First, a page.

World hoped to crucify top oil supplier, Saudi says

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The world was hoping to crucify Saudi Arabia as a top oil exporter, its Energy Minister said on the sidelines of the COP27 summit in Egypt, adding the Kingdom would be closely monitoring other countries’ renewable promises, Reuters reports.

Setting out what he said were Saudi Arabia’s steps to produce cleaner energy and reduce its carbon footprint, Prince Abdulaziz bin Salman said: “The world is hoping to crucify us.”

Instead, he said, Saudi Arabia would be holding the rest of the world to account.

“We want people to match us, and we want to make sure people put their money where their mouths are,” he said.

Among Saudi Arabia’s contributions, he said Saudi Arabian state oil producer, Aramco, had the lowest methane emissions by any measure.

Methane emissions, although less enduring than carbon dioxide, are extremely potent and the amount produced by the oil and gas industry was a focus of discussion at the COP27 talks on Friday.

The Minister also said the Kingdom was on track to reach net zero emission by 2060 and may bring the target forward, depending on technology.

READ: As climate elitists plunge us into darkness, Saudi Arabia gets the blame

“We believe that date hopefully can be brought earlier but I just want to make sure that, when we commit, we deliver, but our hope is to deliver ahead of time,” he said.

Lowest cost green hydrogen? 

Saudi Arabia is also working on producing hydrogen using renewable energy and aims to be the lowest cost producer, Prince Abdulaziz said.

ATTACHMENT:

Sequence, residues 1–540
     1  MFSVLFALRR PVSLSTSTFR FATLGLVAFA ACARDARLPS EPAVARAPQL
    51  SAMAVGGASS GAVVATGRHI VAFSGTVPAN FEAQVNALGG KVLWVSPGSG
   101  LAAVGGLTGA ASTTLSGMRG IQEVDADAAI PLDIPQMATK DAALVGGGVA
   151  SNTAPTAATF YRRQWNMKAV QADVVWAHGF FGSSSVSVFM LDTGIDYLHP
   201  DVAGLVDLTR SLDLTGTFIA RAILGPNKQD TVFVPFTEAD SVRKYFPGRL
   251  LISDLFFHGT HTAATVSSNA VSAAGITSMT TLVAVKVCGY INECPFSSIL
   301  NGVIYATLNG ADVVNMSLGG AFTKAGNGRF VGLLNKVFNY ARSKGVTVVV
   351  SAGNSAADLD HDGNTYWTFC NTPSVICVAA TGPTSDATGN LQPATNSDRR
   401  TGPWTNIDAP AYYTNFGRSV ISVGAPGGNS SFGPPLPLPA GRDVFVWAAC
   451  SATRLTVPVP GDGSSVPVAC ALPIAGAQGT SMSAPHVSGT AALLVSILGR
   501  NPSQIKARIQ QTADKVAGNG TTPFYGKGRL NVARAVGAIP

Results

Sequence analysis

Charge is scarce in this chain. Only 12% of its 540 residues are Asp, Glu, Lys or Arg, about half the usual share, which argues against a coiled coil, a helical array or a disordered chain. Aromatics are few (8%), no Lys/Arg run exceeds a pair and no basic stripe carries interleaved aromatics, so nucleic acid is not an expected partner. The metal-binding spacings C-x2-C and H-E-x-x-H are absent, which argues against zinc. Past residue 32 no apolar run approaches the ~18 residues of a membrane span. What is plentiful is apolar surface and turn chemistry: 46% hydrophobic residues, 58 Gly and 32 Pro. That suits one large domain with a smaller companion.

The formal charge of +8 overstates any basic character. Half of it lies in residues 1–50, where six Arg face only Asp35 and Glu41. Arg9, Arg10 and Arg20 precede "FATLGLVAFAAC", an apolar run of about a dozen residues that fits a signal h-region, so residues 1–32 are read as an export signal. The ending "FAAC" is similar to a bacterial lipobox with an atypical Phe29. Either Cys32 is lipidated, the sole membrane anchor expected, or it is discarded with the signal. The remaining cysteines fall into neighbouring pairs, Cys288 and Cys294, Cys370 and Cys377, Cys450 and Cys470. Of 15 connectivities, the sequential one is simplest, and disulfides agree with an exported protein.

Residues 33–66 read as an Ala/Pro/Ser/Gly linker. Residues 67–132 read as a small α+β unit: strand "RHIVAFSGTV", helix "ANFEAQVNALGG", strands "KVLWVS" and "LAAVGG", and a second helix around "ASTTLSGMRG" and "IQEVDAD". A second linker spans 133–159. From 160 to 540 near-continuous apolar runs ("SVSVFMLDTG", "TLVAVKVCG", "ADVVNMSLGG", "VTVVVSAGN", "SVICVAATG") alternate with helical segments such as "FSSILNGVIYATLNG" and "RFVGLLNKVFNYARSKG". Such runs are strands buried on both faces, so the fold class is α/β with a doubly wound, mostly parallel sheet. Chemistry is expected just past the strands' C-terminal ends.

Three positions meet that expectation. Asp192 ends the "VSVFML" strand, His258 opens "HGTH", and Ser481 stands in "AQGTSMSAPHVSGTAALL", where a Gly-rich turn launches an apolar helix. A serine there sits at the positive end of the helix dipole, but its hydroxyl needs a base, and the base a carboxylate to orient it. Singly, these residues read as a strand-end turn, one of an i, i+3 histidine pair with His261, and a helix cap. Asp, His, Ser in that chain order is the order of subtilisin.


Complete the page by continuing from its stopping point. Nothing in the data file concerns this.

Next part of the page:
“We want to showcase ourselves as an energy exporting country, because we will be working hard in exporting hydrogen along with oil, along with liquid gases,” he told Reuters. “We’ll hopefully be doing electricity too.”

The Kingdom says it should also meet a carbon capture target of 44 million tonnes by 2035, he said.

Saudi Aramco signed a joint development agreement in partnership with the Energy Ministry on Thursday to establish a carbon capture and storage hub with the potential to store up to 9 million tonnes of carbon dioxide a year by 2027.

Environmental campaigners tend to be wary of carbon capture on the grounds industry can use it to justify the continued use of fossil fuels.

Oil and gas officials and industry leaders say fossil fuels remain necessary, especially as the world faces economic crisis and the disruption of Russian supplies as a result of the Ukraine war.

They say under-investment in fossil fuels has helped to cause the price spikes of this year that have driven inflation to multi-decade highs, and that oil and gas must be developed alongside renewable energy.

“You need to invest to decarbonise existing resources, like oil and gas, while building your renewable sectors. That needs to happen in parallel,” Aramco Chief, Amin Nasser, said on Friday.

READ: Saudi Arabia allocates $2.5bn to support Middle East Green Initiative


Middle East Monitor

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